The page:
We use De Morgan’s Law to enumerate sets.

We begin by counting the number of elements in the union of two sets.

- Proof
- Let . Then is in or both.

Case 1. ( is in both) If is in both and , then the right hand side of the formula accounts for twice, once as an element of and again as an element of . But then, since is in both and , is in their intersection, . The coefficient of being , is “de-accounted” for once in the right hand side of the formula. In total, is accounted for twice and de-accounted for once, thereby accounting for it just once in total.

Case 2. ( is in only) If but , then the right hand side of the formula accounts for such exactly once, as a member of . Note that such an is not a member of and so it is not de-accounted for by the right hand side of the formula.

Case 3. ( is in only) This is the same as case 2 with the roles of and reversed.

Finally, we need to be sure that the right hand side of the formula does not count elements that are not in .

Case 4. ( is in neither nor ) In this case, none of the terms on the right hand side of the formula will either account for or de-account for (since either).

Let be the subset of consisting of the multiples of 2, and be the subset of consisting of the multiples of 5. We seek . According to the proposition, We have and and since the set consists of the multiples of 10. Using the Inclusion-Exclusion Principle (for two sets), we can conclude that the number of elements of that are either multiples of 2 or 5 is

Recall set complements from section 1.2:

De Morgan’s Law gives us a formula for the complement of a union in terms of the intersection of their complements.

- Proof
- First, let . Then which implies that and . By definition of complement,
this means that and . Finally, by definition of intersection, . Thus .

Next, let . By definition of intersection, and . Then, and which implies that . Thus and we have shown that .

By virtue of being subsets of each other, the two sets are equal and De Morgan’s Law is proved.

The next example uses De Morgan’s Law in conjunction with the Rule for Complements and the Inclusion-Exclusion Principle (for two sets).

Let be the set of passwords that do not contain any digits and let be the set of passwords that do not contain any special symbols. Since our passwords must contain a digit and a special symbol, we seek . By De Morgan’s Law, Then according to the Rule for Complements, where is the set of all possible passwords with no restrictions. Combining the two equations above with the Inclusion-Exclusion Principle (for two sets), we have Each of the terms on the right hand side can be computed using the Fundamental Principle of Counting. Since there are 70 different characters in total with 10 digits and 8 special symbols, Note that the passwords in the set do not contain either digits or special symbols, so there are available characters for them. In conclusion, the number of acceptable passwords is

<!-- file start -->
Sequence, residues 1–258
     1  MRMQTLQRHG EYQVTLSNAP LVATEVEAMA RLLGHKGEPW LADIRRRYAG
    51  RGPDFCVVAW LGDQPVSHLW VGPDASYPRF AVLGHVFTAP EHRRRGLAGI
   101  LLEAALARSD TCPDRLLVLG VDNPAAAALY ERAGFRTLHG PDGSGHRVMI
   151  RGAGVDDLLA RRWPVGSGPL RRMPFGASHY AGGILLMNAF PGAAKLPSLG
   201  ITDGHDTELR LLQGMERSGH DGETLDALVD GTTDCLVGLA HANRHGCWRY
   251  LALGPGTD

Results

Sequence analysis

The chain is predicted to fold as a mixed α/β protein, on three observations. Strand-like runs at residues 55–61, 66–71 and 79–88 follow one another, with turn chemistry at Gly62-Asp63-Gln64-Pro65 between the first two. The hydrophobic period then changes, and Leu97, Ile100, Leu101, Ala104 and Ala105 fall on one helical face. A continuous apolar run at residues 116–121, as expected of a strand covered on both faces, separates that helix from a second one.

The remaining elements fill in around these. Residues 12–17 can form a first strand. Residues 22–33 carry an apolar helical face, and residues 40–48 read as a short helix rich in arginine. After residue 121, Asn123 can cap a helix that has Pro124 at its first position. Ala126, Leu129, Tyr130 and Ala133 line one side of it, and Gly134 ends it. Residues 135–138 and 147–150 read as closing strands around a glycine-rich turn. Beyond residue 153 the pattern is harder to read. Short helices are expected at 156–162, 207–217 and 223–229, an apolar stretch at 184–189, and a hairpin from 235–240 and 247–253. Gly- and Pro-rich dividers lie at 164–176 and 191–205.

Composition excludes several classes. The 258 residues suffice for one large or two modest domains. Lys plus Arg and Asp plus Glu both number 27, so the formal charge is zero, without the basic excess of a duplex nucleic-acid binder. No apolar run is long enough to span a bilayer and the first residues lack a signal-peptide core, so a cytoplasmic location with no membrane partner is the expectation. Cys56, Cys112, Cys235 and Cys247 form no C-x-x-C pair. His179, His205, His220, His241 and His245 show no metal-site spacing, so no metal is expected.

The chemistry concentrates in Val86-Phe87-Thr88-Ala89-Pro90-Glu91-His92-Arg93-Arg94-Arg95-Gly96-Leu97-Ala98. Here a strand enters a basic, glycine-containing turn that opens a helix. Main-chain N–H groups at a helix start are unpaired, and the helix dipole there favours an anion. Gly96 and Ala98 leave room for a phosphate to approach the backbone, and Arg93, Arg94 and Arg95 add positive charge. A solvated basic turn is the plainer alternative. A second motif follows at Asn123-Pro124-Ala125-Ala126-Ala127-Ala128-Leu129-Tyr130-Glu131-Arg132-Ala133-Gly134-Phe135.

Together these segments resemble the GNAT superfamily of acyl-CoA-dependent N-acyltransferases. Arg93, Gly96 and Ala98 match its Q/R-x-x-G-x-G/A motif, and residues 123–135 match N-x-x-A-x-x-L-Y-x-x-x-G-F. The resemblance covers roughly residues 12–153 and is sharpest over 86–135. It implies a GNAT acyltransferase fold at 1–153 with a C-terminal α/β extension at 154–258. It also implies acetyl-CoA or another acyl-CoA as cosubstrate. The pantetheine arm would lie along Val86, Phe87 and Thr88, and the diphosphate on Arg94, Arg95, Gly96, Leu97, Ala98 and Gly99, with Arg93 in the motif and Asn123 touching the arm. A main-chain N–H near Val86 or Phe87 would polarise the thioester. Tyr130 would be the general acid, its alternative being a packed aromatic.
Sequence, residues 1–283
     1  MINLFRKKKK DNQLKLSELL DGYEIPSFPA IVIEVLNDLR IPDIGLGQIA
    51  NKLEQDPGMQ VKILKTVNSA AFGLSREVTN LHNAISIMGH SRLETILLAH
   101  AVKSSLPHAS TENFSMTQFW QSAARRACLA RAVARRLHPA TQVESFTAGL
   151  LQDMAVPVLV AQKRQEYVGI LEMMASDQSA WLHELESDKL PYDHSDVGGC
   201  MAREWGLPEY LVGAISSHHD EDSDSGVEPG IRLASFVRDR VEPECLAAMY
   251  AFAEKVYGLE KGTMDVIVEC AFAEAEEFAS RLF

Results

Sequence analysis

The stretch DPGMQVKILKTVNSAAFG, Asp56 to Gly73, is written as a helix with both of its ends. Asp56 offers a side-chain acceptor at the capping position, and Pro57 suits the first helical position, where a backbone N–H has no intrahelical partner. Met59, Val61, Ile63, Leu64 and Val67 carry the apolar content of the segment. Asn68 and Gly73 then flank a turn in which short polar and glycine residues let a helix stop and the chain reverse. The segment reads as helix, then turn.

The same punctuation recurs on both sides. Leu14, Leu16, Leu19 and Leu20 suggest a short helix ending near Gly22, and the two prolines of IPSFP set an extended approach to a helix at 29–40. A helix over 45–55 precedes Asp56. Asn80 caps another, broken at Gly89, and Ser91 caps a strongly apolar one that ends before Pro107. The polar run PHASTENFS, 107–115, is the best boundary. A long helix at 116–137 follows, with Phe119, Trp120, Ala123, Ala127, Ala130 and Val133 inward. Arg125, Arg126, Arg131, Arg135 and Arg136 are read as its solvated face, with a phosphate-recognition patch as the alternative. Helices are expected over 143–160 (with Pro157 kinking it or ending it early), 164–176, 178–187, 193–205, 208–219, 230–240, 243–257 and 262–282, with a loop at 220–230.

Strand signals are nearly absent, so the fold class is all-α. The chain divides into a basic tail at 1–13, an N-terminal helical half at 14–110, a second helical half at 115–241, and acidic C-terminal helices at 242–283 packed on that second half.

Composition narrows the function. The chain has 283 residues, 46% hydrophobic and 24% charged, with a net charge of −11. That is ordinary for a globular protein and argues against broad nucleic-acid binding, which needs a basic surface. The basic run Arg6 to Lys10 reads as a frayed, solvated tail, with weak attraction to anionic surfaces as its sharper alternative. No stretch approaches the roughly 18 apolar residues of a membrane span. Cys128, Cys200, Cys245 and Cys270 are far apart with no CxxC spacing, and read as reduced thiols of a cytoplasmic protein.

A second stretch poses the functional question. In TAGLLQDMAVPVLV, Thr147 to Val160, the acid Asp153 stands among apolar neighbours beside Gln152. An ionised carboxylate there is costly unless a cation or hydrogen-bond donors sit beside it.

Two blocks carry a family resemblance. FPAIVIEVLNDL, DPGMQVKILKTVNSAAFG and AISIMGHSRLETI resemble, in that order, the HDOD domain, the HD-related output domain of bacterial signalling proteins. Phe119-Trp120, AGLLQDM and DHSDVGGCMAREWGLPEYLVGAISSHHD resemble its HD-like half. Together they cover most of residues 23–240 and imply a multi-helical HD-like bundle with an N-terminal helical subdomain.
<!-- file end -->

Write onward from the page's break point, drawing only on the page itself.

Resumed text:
a) at least one digit and at least one upper case letter?

b) at least one special symbol and at least one lower case letter?

c) at least one letter?

Such permutations include MRAOTCHKS and SKCORHTAM, but not RKMATHSOC, HROCKSMTA, or ROCKSMATH. Let be the set of permutations which include the word MATH and let be the set of permutations which include the word ROCKS. We seek . By De Morgan’s Law, this is the same as . Let be the set of all permutations of the letters in the phrase. Then, applying the Rule for Complements, and the Inclusion-Exclusion Principle (for two sets), we have \begin{align*} |A^c \cap B^c| &= |(A \cup B)^c|\\ &= |S| - |A\cup B|\\ &= |S| - \Big (|A| + |B| -|A\cap B|\Big )\\ &= |S| - |A| - |B| + |A\cap B| \end{align*}

The number of elements in is the number of permutations of the symbols MATH, R, O, C, K, S. Since this is 6 distinct symbols, . The number of elements in is the number of permutations of the symbols M, A, T, H, ROCKS. Since this is 5 distinct symbols, . The number of elements in is 2 and the number of elements in is . Hence, the total number of ways to permute the letters in the phrase MATH ROCKS which do not include either of the words MATH or ROCKS is

Let be the permutations with 1 in the first position, be the permutations with 2 in the second position and be the set of all permutations. We seek . De Morgan’s Law, the Rule for Complements and the Inclusion-Exclusion Principle (for two sets) gives: \begin{align*} |A^c \cap B^c| &= |(A \cup B)^c|\\ &= |S| - |A\cup B|\\ &= |S| - \Big (|A| + |B| - |A\cap B|\Big )\\ &= |S| - |A| - |B| + |A\cap B|\\ &= 7! - 6! - 6! + 5!\\ &= 3720 \end{align*}

With no restrictions on the variables (except that they be non-negative integers), the total number of solutions is by the stars and bars method. Let be the set of all solutions which have and let be the set of all solutions with . We wish to find . De Morgan’s Law, the Rule for Complements and the Inclusion-Exclusion Principle (for two sets) gives: \begin{align*} |A^c \cap B^c| &= |(A \cup B)^c|\\ &= |S| - |A\cup B|\\ &= |S| - \Big (|A| + |B| - |A\cap B|\Big )\\ &= |S| - |A| - |B| + |A\cap B|\\ \end{align*}

where is the set of all non-negative integer solutions. By letting , we see that the number of elements in the set is the number of non-negative integer solutions to the equation: which is . By letting , we see that the number of elements in the set is the number of non-negative integer solutions to the equation: which is . Finally, by letting and we see that the number of elements in the set is the number of non-negative integer solutions to the equation: which is . Thus the total number of non-negative integer solutions to the equation with and is